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US told of ‘tangible’ Burma progress

A delegation of US foreign policy advisors has been told by Burma’s main political opposition party that tangible signs of change are underway in the country.

The team, from the Senate Foreign Affairs Committee, spoke with members of five different parties, including the National Democratic Force (NDF), which split from Aung San Suu Kyi’s National League for Democracy (NLD) last year to compete in the 2010 elections.

“They asked us whether if we see any improvements in the country and we answered that we do see some tangible improvements in the economic sectors and that there is the potential to enact standardised economic laws in near future,” said Khin Maung Swe, who heads the party.

The government has also lifted a number trading restrictions that have begun to drag on the country’s export sector, particularly given the shock strengthening of the kyat that has triggered alarm across Burma’s economy.

“[This] shows that the economic reforms urged by Western countries are starting and so the US should reconsider its economic sanctions on Burma,” Khin Maung Swe said.

Over time the NDF has increasingly distanced itself from Suu Kyi’s party, whose policies and hardline stance it quietly feels are archaic and ineffective. Supporters of the NLD on the other hand believe the NDF is playing into the hands of the government, which many see as a civilian extension of the former junta.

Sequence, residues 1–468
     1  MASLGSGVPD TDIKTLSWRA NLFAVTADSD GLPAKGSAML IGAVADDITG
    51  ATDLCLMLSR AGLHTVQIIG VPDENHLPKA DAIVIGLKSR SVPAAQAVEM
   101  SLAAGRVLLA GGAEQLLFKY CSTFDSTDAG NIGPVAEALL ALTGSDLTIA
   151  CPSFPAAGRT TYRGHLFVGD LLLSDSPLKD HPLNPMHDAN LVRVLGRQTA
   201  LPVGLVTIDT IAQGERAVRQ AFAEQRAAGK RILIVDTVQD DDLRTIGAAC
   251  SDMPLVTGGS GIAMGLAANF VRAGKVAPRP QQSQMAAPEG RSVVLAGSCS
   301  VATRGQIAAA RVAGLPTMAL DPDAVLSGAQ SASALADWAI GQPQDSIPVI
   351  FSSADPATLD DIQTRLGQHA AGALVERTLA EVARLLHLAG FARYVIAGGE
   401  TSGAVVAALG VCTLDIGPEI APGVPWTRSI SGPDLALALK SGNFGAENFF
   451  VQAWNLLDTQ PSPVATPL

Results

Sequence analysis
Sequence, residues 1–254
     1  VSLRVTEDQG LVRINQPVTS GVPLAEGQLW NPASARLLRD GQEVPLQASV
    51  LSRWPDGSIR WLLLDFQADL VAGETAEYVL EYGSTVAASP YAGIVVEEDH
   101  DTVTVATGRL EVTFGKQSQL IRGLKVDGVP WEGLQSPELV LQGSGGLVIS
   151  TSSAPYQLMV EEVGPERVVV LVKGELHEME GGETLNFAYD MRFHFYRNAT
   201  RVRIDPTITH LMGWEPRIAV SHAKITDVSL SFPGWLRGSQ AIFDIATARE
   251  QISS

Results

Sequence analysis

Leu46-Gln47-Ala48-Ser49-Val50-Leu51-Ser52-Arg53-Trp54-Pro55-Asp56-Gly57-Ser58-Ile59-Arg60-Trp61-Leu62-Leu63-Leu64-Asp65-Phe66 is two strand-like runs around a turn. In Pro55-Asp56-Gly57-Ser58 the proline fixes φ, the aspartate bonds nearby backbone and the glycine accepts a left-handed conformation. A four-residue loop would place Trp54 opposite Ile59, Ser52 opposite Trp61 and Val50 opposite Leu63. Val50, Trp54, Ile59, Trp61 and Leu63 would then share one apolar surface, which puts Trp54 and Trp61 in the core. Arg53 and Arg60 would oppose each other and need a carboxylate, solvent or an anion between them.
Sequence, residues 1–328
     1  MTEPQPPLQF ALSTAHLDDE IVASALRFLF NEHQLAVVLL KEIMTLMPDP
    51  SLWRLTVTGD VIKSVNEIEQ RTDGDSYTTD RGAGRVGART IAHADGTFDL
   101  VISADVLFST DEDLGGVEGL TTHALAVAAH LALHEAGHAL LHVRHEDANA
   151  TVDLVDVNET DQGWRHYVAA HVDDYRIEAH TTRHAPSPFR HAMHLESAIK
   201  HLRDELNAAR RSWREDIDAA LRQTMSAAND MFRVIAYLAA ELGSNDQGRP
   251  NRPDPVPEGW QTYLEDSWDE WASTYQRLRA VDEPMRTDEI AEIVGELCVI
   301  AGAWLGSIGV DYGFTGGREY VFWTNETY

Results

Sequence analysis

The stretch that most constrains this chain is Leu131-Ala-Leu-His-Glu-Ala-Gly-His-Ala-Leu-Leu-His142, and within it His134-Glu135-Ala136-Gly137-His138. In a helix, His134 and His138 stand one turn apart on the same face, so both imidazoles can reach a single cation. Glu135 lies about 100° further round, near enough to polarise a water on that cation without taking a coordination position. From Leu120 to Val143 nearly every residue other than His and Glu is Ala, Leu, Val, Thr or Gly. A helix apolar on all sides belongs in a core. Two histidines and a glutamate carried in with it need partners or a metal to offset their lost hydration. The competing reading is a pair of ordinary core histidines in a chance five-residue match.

Both Suu Kyi and the Obama administration in Washington say that sanctions will remain on Burma until state-sanctioned human rights abuses end and political prisoners are freed.

Burma’s economy is currently undergoing something of a revamp, with the government preparing to do away with foreign exchange certificates (FEC) and potentially opening the door to IMF assistance.

It has also sought to soften its reputation as society where independent media is criminalised, whilst upping dialogue with Suu Kyi, who recently met for the second time with Labour Minister Aung Kyi.

The US has repeatedly said however that action must match the rhetoric of the new government, which since coming to power in March has enacted a series of reforms intended to superficially distance itself from the former junta.

Also at the meeting yesterday were representatives of the Democratic Party Myanmar and the National Unity Party, which has historically been seen as government-aligned.

The Senate Foreign Affairs Committee is headed by former US presidential candidate John Kerry.


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